Soda Can

Deleted Scene

The Dumb Ass Scene

In an earlier draft, when Cindy kicks Scat out of their apartment at the start of Chapter 5 (“Buy Now, Pay Later“), he wandered around for a while before calling 6. The scenes are fairly pointless, which is why they got the chop. But I resisted for a while because it introduced the phrase “dumb ass,” which pops up now and again throughout the book and always amused me more than it should.

saturday night in the big city

I realize very quickly that I’ll have to call on 6’s assistance for accommodation. Since I happen to be doing her a tremendous favor at the time, I figure my chances should be pretty good.

However, since it’s after one a.m., I decide to wait until morning to call. I wander the back streets of Santa Monica for about half an hour, past countless alleys, doorways and small, inviting parks, until I find a drugstore that offers a reasonably safe-looking loading area. I figure this is as protected as I’m likely to get, so I drop my bundle and curl up for the night.

I lie awake until three, imagining muggers skulking about in the shadows. Then I wake about six and someone is tugging on my shoes.

Luckily, I don’t start, so I pretend to still be asleep and take a look at my assailant through half-slit eyes. If this guy even looks like ever met someone dangerous, I’m going to just lie here, the soundest sleeper in the history of the world. If he wants to take my Nikes, I’m going to let him Just Do It.

There are three of them, but they’re all kids, maybe ten or twelve years old. From their dress, I guess Rich White Homeboys Looking For Kicks. This significantly changes things.

I leap up and roar at them, “Fuck off my shoes!

They scatter as if they’re on strings, one giving such a terrified squeak that I get the giggles for the rest of the morning. As they leap a fence, one says, “Told you he wasn’t dead, dickweed.”

“More where that came from,” I mutter dangerously, just in case there are any more homeboys lurking under the crates.

time for some change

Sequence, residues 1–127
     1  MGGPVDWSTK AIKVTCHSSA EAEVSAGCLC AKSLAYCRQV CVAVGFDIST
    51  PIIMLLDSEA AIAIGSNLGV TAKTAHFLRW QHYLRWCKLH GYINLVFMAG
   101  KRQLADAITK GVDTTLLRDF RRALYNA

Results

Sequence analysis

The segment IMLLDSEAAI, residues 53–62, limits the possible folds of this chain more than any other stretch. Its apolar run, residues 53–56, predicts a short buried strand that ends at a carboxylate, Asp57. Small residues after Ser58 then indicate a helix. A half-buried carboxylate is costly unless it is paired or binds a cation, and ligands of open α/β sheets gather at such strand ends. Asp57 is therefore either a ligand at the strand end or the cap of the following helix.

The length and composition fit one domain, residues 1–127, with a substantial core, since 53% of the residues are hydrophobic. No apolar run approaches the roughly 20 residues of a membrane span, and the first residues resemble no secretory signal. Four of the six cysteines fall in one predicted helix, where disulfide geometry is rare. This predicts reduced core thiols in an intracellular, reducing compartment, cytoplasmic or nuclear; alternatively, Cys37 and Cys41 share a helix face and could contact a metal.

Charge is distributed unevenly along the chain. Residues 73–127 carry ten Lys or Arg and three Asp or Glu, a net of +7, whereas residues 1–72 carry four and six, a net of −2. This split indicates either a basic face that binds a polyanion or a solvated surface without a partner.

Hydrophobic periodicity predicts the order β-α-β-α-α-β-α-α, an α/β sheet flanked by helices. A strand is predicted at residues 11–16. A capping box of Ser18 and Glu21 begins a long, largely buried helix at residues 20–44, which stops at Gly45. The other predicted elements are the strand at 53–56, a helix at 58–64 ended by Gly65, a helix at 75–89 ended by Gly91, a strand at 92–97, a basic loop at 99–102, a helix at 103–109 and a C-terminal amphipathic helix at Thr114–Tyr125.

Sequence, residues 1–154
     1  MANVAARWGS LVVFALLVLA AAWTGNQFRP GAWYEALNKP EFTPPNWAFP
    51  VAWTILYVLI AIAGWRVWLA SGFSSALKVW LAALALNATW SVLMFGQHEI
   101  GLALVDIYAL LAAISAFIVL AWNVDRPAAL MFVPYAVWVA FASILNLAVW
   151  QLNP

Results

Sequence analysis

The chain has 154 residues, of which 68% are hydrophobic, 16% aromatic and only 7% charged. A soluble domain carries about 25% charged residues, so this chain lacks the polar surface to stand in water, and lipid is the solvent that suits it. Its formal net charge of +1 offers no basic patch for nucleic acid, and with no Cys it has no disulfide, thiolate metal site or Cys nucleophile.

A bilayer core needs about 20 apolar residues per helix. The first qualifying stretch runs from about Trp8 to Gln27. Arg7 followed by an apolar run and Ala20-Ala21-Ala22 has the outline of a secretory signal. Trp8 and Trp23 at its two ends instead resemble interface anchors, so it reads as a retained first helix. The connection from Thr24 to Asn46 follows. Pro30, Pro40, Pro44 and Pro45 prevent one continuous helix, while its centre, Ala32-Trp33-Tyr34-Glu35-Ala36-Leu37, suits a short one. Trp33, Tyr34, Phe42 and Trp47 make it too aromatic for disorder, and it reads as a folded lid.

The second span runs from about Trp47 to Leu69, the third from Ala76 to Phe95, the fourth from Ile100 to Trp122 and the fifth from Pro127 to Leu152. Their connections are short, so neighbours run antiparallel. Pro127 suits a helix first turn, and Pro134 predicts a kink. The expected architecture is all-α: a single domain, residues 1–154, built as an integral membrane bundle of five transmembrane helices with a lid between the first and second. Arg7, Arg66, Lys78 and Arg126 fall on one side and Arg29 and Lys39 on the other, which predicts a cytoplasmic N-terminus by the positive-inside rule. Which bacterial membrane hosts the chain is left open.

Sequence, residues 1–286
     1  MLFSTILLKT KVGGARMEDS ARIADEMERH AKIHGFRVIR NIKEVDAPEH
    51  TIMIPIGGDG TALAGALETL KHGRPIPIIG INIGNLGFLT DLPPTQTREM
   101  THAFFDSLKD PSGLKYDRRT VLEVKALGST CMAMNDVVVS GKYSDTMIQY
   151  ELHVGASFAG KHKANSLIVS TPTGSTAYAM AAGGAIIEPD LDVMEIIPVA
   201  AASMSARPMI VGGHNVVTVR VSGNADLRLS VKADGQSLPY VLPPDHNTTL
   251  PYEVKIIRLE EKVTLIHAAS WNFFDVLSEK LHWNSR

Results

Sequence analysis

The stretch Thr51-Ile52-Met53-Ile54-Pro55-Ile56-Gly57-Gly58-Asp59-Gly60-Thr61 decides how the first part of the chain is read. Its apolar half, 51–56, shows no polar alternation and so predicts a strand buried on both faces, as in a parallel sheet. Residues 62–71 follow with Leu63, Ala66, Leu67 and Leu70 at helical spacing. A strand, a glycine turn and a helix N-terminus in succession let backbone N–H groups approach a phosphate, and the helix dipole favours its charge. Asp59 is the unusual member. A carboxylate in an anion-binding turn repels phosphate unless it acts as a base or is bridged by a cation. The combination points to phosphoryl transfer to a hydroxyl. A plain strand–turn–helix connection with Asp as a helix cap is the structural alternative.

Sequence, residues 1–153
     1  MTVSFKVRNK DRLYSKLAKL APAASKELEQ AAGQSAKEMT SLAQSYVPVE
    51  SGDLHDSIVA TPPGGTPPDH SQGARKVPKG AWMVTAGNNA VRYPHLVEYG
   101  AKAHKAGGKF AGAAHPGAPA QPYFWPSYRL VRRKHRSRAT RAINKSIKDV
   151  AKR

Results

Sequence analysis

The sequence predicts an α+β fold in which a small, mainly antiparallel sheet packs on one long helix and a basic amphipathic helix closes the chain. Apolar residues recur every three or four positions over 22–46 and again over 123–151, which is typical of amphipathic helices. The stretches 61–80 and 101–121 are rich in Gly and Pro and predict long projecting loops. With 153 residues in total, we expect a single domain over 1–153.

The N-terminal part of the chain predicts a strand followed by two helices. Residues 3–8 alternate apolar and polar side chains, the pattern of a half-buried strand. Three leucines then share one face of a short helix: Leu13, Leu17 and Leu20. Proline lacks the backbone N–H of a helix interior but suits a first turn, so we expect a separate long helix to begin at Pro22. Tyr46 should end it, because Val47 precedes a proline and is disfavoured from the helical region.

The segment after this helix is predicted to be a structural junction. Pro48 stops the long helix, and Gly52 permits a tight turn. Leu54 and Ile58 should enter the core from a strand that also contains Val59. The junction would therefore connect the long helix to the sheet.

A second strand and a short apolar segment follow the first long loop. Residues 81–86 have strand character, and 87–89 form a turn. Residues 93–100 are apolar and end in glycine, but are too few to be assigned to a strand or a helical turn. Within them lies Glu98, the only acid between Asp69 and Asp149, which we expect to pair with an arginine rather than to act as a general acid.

Right now my wallet contains:

  • Drivers license with photo of me in very bad mood. I still can’t believe this. The bus driver stiffed me my change on the way to the DMV and because of this insignificant chump I have to carry around an embarrassing picture of myself until the year 2011.

  • A ten dollar bill and two ones. I haven’t checked my bank account for so long that I can’t remember how much money I have. I know I had a couple of hundred a few months ago, but I seem to remember handing Cindy my keycard and telling her to take whatever I owed her. This does not bode well for my current financial status.

  • Bogus American Film Institute card. There was a guy selling “Any Official Card You Want (FBI, LAPD, ’Official Bullshitter’ etc)” on Ocean Front Walk; he drew them up himself. He was really good, but he was only there for two weeks before I saw him being escorted into a black Ford by four men in dark suits.

  • An old photo of me and Marianne Johnson, a girl I dated when we were high school Seniors. I’m pointing at the camera with a quizzical expression on my face (the guy taking the picture just could not work it out) and Marianne is hanging off me, laughing so hard her eyes are closed. It’s too cute to throw out, even though Marianne dumped me for a football player. I have a high school reunion Friday night, so maybe I’ll see Marianna there.

  • 6’s business card, which includes her cellphone number.

My wallet does not contain:

  • Change for a payphone.

a close encounter

   I wander into the drugstore, carrying my briefcase and bundle of clothes and looking, I’m sure, very much as if I just spent the night on the streets. The proprietor is old and Asian, and he throws me a terrified look. I guess it’s a tough neighborhood, with all those upper-class homeboys loose on a Sunday morning.

“I just want money,” I say, trying to calm him. I root around in my bundle of clothes for my wallet. “Just want some change.” I point helpfully at the till.

“Okay,” he says. He opens the till and stands back against the wall.

It takes me a moment to realize my mistake, and as I open my mouth to explain, a voice says, “Move one finger and I blow your head off, you dumb ass.”

I take a long, deep breath.

“Turn around. Slowly.”

I turn. It’s a kid about my age, with a long, thin rifle pointed at my head. “I just—” I stop and readjust my voice, which has jumped a couple of octaves. “I just wanted—”

“I know what you wanted, you dumb ass,” the kid says, his eyes narrowing. “You get out of here and never come back, and I don’t call the cops, okay? You understand what I’m saying?”

“I didn’t mean to—”

“You must be a dumb ass,” says the kid, and I realize that if I’m really standing here trying to argue, he’s right.

The next place is a grocer, Mexican, and I enunciate clearly: “Excuse me, I wonder if you could please change a dollar for me.”

“Sure, buddy,” says the grocer, and I head for a payphone.

The high school reunion referred to here is another deleted scene, but one so tedious I haven’t included it in this web site. Trust me, you’re better off.